FatNGristle
FatNGristle

I love nutrient rich soil... Anyhow, here's an analogy for ya: A new ship captain hears the alarm that we're taking on water deep in the hull. With a flurry of activity that shows he's a take charge guy, he orders the crew to drill an $800 billion hole in the side of the ship to let the water out. Fast acting is no replacement for quick thinking which is not the same as good thinking. How about a quick draw gun slinger, faster than anyone else, but happens to be blind... I don't mean to impune Barak (time will tell how he and his team do) or even to mire this thread in the political mud of spending yourself out of debt (even if by a "conservative" president). Rather, my point is that while 'Nancy' may have been slow, she won't be the one to have sunk the ship. Some things just take thought & time. Many, many companies have gone under for the sole reason that some big shot came in with guns blazing and spent the rent without understanding the business. I'f I were a bigger man, perhaps I wouldn't engage in the political debate, but I'm not. I wish we COULD discuss politics & religion more openly in every day life, but we can't sacrific the core of the business for ideology. Then again, without ideology, where's it all going...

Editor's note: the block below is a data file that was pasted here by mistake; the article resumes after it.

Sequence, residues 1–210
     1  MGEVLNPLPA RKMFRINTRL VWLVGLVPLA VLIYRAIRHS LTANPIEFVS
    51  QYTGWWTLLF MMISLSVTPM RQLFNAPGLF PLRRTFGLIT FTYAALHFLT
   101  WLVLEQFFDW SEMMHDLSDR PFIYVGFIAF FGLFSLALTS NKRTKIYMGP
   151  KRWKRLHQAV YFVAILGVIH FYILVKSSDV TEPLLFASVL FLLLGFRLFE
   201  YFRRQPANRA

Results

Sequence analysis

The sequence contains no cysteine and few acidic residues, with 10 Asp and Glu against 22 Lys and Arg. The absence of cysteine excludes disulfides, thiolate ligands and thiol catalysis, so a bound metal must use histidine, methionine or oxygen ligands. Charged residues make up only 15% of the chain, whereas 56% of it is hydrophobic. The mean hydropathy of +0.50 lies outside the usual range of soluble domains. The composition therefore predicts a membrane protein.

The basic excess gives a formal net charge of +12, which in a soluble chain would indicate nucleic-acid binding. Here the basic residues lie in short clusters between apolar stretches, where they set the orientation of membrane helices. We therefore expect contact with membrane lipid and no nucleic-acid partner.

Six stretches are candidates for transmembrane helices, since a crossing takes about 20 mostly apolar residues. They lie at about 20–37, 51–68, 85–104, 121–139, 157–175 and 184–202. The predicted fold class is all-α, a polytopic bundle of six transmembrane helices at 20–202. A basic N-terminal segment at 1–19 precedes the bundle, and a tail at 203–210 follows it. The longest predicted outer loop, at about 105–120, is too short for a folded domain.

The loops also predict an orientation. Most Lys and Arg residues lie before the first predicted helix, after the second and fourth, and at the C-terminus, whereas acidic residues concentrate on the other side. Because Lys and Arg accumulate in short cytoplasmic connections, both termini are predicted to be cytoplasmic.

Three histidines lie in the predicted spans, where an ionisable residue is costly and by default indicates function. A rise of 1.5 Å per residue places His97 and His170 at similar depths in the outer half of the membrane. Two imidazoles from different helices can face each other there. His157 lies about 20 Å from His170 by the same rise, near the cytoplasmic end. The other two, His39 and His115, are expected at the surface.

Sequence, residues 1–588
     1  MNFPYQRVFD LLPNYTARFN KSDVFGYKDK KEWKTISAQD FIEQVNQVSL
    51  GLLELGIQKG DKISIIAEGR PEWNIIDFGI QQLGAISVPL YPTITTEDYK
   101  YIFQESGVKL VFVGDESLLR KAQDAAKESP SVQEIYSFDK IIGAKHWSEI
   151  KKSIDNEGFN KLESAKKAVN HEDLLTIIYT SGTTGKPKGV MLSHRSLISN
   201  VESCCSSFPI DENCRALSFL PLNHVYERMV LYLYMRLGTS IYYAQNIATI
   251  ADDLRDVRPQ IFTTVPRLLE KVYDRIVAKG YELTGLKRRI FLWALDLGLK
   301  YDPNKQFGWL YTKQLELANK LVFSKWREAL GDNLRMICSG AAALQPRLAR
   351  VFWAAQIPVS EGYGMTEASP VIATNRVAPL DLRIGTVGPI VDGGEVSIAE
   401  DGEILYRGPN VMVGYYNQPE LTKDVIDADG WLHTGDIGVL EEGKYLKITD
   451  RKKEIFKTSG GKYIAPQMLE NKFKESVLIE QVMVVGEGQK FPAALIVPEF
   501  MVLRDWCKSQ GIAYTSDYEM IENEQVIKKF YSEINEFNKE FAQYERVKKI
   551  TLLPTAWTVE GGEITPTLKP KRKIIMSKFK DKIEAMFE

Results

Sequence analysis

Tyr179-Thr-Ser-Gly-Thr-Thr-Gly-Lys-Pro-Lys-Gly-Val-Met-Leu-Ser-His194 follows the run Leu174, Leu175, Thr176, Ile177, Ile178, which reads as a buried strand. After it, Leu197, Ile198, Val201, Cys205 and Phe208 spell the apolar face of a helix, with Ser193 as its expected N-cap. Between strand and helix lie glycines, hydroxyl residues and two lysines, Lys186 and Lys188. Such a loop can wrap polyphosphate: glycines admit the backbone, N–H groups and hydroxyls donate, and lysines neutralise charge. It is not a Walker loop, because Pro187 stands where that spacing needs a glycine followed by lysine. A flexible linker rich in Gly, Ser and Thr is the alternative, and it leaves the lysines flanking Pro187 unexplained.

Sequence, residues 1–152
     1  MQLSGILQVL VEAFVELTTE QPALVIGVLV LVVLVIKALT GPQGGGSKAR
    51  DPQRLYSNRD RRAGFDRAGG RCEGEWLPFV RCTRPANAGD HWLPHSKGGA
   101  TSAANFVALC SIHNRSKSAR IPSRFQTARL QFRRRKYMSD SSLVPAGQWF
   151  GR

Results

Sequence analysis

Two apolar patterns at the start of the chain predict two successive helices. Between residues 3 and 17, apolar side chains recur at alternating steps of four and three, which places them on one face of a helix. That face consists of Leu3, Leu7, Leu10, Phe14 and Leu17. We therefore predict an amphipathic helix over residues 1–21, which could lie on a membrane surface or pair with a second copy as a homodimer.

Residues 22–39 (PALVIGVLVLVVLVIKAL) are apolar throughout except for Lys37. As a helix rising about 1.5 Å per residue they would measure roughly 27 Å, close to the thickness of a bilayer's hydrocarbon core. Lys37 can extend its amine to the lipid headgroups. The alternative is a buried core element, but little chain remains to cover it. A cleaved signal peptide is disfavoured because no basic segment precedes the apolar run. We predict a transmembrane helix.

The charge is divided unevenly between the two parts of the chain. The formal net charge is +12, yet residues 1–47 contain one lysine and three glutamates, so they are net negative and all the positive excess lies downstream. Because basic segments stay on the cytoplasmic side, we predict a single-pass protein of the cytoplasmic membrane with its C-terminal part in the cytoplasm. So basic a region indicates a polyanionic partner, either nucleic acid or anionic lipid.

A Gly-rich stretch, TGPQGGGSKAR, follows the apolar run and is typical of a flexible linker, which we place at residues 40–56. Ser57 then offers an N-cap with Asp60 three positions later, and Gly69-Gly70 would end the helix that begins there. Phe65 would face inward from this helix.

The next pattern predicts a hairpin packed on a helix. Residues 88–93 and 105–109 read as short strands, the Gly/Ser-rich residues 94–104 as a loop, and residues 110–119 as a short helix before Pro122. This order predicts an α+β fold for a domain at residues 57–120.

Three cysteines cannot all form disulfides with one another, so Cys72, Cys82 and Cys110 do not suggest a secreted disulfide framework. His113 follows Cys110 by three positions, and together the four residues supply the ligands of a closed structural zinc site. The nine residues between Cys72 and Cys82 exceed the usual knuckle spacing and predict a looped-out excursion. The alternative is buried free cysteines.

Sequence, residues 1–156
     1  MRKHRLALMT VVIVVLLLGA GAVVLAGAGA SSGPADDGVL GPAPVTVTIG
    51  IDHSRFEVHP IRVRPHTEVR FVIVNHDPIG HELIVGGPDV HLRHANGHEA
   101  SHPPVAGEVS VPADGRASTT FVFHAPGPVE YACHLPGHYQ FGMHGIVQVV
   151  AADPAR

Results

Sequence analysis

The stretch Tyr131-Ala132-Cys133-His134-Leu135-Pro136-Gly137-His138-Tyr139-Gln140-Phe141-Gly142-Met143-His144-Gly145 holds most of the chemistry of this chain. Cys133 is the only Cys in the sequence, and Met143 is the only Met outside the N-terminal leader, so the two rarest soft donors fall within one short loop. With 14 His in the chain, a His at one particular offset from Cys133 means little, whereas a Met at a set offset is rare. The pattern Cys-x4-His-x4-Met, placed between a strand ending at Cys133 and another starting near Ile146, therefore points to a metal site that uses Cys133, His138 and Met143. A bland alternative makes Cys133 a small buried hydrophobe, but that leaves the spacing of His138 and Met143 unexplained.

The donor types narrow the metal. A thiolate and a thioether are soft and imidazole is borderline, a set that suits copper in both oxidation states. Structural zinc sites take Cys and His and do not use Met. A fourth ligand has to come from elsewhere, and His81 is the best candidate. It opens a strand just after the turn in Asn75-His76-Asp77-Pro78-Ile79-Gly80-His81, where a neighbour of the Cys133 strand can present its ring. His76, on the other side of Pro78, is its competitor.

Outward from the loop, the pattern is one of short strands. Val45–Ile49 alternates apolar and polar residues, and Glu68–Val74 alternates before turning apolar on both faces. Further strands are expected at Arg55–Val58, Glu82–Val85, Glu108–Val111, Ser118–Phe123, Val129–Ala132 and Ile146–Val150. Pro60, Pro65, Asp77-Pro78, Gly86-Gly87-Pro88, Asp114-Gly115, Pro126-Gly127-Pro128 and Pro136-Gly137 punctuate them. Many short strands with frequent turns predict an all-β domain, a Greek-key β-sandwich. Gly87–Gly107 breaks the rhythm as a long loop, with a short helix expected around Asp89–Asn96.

jdclyde
jdclyde

had to press down to get it to fit in the slot! :D :D

jdclyde
jdclyde